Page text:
Adrienne Decker is a faculty member in the newly formed Department of Engineering Education at the University at Buffalo. She has been studying computing education and teaching for over 15 years, and is interested in broadening participation, evaluating the effectiveness of pre-college computing activities, and issues of assessment, particularly in the introductory programming courses. She has been actively involved with the Advanced Placement Computer Science A course since 2011, first serving as a reader, and as part of the development committee for the exam since 2015, serving as higher ed co-chair since 2018. She has received more than $1M in NSF funding for her work in computing education. Active in the computing education community, she is currently the ACM Special Interest Group on Computer Science Education board treasurer (2016-2019) and has served as program co-chair in 2014 and symposium co-chair in 2015 to the SIGCSE Technical Symposium on Computer Science Education.
Briana Morrison is an Assistant Professor at the University of Nebraska Omaha. Prior to joining the college of IS&T, Briana worked for IBM for 8 years as a software developer and then transitioned to academia. She was an Assistant Professor at Southern Polytechnic State University (now Kennesaw State University) for 20 years in the Computer Science department. She was the Undergraduate Coordinator for the Computer Science and Software Engineering programs, helped to found the Computer Game Design and Development degree program, and served as the lead for 2 successful ABET accreditation visits. She has a PhD in Human-Centered Computing from the Georgia Institute of Technology, a master's in Computer Science, and a bachelor's degree in Computer Engineering. Her research area is Computer Science Education where she explores cognitive load theory within programming, broadening participation in computing and expanding and preparing computing high school teachers.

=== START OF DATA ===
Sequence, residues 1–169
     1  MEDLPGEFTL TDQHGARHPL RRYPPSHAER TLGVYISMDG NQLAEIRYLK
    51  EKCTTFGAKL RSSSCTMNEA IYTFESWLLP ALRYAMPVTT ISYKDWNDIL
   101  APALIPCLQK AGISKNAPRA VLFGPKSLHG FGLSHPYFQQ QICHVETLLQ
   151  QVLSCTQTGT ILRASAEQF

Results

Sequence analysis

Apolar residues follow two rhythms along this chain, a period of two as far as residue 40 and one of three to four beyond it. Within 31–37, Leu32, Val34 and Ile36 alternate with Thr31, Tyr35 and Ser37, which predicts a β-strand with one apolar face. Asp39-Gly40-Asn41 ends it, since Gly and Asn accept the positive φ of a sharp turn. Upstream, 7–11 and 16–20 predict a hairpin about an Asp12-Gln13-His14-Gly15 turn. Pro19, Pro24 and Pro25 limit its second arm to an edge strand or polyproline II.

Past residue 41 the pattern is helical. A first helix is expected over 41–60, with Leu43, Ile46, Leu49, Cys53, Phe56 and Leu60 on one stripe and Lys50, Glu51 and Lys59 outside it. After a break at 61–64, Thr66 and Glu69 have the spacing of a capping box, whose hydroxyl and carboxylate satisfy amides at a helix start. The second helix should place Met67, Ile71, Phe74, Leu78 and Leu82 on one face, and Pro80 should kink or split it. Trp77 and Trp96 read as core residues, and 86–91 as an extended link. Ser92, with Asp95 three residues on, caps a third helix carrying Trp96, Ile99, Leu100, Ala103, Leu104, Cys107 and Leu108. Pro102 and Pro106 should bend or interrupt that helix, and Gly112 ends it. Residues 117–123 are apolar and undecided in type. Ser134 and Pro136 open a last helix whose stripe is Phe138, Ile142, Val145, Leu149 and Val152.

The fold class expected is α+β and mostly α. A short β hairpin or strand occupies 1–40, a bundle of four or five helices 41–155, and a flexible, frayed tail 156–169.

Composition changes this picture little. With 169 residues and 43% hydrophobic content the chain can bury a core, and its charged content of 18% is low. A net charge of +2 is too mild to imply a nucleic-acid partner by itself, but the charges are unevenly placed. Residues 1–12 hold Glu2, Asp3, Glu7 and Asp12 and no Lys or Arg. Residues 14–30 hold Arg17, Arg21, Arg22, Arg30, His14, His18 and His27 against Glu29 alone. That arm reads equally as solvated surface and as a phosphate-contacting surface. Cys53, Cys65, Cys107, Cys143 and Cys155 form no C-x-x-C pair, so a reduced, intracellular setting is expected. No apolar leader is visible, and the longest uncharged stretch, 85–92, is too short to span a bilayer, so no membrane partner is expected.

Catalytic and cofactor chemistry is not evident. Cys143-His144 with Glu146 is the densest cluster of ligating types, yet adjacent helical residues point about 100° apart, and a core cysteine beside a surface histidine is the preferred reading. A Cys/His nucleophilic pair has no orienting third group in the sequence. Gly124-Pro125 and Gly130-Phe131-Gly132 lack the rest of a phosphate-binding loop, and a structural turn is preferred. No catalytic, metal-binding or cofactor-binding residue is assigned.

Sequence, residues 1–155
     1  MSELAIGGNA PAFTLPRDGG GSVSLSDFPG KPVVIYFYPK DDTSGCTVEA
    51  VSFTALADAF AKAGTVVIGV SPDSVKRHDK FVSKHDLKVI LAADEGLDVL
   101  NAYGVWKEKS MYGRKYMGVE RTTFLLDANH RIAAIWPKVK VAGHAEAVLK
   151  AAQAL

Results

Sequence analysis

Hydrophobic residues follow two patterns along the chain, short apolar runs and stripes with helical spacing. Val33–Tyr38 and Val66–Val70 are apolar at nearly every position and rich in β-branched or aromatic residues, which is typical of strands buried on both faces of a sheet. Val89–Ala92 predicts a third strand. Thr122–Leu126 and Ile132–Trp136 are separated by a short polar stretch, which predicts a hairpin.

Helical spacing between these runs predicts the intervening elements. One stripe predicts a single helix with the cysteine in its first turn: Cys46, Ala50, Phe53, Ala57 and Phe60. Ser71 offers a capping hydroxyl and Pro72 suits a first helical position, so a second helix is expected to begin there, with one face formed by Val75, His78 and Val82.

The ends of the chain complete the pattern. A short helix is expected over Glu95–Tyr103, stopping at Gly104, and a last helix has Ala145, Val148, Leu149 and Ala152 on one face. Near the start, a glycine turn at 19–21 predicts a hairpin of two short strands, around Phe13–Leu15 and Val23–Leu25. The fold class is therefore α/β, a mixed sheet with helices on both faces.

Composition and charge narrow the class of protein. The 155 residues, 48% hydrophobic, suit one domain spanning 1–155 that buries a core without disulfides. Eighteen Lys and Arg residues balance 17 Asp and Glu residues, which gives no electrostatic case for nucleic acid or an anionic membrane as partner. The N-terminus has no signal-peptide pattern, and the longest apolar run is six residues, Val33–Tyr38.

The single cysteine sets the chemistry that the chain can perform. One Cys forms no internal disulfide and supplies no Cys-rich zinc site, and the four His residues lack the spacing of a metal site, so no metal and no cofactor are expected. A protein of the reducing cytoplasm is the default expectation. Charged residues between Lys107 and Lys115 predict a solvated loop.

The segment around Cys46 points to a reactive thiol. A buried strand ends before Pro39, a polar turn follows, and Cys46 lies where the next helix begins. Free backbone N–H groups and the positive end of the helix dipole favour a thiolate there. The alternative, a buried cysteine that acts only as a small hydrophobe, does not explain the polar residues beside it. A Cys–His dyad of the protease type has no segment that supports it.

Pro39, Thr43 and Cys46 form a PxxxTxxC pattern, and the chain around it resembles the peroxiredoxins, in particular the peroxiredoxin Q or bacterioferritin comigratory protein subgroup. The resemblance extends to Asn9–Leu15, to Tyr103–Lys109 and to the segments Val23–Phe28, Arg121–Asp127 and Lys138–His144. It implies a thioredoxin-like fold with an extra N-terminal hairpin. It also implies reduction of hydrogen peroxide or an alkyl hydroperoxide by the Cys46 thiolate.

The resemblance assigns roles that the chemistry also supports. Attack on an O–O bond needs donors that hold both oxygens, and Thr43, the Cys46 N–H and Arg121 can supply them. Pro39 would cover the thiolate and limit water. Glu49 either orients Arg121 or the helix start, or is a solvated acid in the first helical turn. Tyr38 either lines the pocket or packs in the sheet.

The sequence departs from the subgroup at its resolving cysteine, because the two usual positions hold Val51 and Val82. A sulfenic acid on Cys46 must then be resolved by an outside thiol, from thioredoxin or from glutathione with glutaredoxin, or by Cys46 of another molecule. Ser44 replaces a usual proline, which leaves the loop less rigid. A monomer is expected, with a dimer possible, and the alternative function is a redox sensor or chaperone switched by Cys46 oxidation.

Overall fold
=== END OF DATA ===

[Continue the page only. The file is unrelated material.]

Lauren Margulieux is an Assistant Professor of Learning Sciences at Georgia State University. She received her Ph.D. from Georgia Tech in Engineering Psychology, the study of how humans interact with technology. Her research interests are in educational technology and online learning, particularly for computing education. She focuses on designing instructions in a way that supports online students who do not necessarily have immediate access to a teacher or instructor to ask questions or overcome problem solving impasses.
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